What is a nanny? What’s the difference between a babysitter and a nanny? If you’re a parent looking to hire a nanny, knowing exactly what is involved is important. Do you want to hire a nanny, babysitter, or au pair? There are some big differences between what they are paid and what duties they will perform, so it’s important to get it right.
We’ve outlined below the essentials to understanding what it means to hire a nanny for your beautiful family.
The overall package
Essentially, a nanny is hired to care for children, keep them safe, feed them, and provide educational and fun activities. Where a babysitter might be used on an ad hoc basis for a few hours at a time, and an au pair is a full-time, live-in carer, nannies tend to fall between the two groups.
There’s quite a bit of variation when it comes to nanny jobs, which might be live-in or live-out, and be anything from a few hours a week, to full-time.
So before you start your search, you should understand which type of caregiver is right for you.
A nanny is a professional
Babysitting is often a job done by friends, family members or neighbours, and au pair positions often go to travelling students. A nanny, however, is generally considered a childcare professional.
They may have formal childcare qualifications. They should have cleared a Working with Children check and have a First Aid certification, and ideally they will have some extra skills, such as water safety or a driver’s license.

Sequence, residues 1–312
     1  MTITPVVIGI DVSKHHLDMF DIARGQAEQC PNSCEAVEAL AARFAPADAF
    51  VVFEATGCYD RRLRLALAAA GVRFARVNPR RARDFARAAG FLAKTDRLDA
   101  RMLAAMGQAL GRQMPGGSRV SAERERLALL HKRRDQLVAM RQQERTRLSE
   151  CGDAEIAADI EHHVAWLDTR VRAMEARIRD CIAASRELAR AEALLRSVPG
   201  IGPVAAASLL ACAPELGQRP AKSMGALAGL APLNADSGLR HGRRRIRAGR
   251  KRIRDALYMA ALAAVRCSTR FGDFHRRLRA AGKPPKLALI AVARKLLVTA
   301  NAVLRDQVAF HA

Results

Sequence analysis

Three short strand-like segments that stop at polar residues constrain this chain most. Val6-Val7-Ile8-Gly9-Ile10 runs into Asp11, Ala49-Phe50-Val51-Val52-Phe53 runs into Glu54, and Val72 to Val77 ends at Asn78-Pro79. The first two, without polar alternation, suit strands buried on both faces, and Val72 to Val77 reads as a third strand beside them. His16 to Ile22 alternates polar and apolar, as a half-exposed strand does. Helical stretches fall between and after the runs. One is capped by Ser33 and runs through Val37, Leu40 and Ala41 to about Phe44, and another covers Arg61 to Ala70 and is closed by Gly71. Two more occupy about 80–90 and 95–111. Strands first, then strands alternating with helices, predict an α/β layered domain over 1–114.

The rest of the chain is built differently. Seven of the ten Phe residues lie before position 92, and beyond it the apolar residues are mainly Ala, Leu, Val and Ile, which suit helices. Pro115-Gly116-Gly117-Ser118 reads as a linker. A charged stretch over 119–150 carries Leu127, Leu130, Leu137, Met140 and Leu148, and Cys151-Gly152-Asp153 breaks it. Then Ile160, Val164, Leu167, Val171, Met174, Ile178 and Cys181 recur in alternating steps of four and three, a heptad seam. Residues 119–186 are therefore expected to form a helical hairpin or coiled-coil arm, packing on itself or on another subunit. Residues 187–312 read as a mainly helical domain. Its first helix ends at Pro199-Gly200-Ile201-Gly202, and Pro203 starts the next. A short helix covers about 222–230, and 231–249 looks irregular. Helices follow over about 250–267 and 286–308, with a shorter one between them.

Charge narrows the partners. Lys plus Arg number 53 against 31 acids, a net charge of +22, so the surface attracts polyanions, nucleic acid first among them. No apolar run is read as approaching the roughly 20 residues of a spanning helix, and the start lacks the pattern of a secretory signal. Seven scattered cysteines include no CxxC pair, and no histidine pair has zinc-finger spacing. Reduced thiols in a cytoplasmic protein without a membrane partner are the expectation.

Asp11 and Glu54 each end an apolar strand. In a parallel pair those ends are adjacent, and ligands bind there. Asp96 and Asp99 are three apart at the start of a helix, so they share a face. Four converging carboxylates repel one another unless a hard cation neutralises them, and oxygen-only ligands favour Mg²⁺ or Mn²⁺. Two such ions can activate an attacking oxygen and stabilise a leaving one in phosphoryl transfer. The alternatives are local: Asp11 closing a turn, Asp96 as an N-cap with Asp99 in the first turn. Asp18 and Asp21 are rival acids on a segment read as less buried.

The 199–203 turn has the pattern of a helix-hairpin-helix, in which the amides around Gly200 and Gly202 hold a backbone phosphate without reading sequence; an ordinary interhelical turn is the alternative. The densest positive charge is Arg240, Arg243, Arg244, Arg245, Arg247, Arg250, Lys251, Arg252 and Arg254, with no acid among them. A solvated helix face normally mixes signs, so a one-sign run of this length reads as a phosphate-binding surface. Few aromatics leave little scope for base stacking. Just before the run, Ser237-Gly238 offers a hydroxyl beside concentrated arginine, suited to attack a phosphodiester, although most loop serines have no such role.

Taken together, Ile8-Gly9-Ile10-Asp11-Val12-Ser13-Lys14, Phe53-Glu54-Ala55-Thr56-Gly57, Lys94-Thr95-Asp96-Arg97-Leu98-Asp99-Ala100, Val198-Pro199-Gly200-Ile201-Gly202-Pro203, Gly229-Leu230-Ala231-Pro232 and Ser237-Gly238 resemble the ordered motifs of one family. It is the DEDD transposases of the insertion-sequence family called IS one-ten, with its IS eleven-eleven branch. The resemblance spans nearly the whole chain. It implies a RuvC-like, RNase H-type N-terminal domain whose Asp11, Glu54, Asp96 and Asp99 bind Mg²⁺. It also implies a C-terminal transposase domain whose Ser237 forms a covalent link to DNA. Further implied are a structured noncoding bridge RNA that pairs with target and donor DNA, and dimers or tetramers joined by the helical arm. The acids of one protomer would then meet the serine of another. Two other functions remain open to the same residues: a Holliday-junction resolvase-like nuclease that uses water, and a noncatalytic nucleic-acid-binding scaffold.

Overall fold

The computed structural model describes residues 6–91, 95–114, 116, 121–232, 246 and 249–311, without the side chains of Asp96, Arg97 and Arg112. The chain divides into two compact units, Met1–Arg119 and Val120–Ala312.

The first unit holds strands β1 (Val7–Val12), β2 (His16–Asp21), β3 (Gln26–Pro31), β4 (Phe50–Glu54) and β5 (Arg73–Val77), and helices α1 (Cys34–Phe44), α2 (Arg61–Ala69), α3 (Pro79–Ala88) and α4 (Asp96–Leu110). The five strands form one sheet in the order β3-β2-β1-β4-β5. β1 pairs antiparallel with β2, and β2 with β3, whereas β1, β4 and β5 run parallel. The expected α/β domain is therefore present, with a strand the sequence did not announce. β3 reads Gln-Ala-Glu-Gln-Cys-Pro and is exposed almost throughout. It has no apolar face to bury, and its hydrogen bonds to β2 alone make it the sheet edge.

When you hire a nanny, you become an employer, and as such need to adhere to certain conditions, including paying a fair wage. You’ll both need to agree on all aspects of the job (hours, wages, overtime conditions/pay, holidays, and sick leave) and list them in a contract, which the nanny will sign before starting.
Day-to-day nanny work
The exact nature of the role will come down to what you need, and what the nanny agrees to.
As an example, your nanny might provide activities to keep your child or children busy (and stimulated!), prepare light meals for the children, take them to school or appointments, and have scheduled outings to the park, swimming pool or library.
If you find the perfect fit, your nanny may potentially stay in their position for years and become a valued part of the family.
What are nannies not?
Unless agreed beforehand in the contract generally a nanny is not your cleaner, or housekeeper! Cleaning up after the children may be a part of the job. But cooking a three-course meal for you is probably not!
Whatever you want or need from your nanny, make sure that open and honest communication – and understanding – is always encouraged. If they agree to any non-standard duties, put them into the contract.
In these days of escalating childcare costs and limited positions, many people are choosing to hire a nanny, or even share one with another family. Think about what you need, be fair and realistic, and then you should be all set to start your nanny search.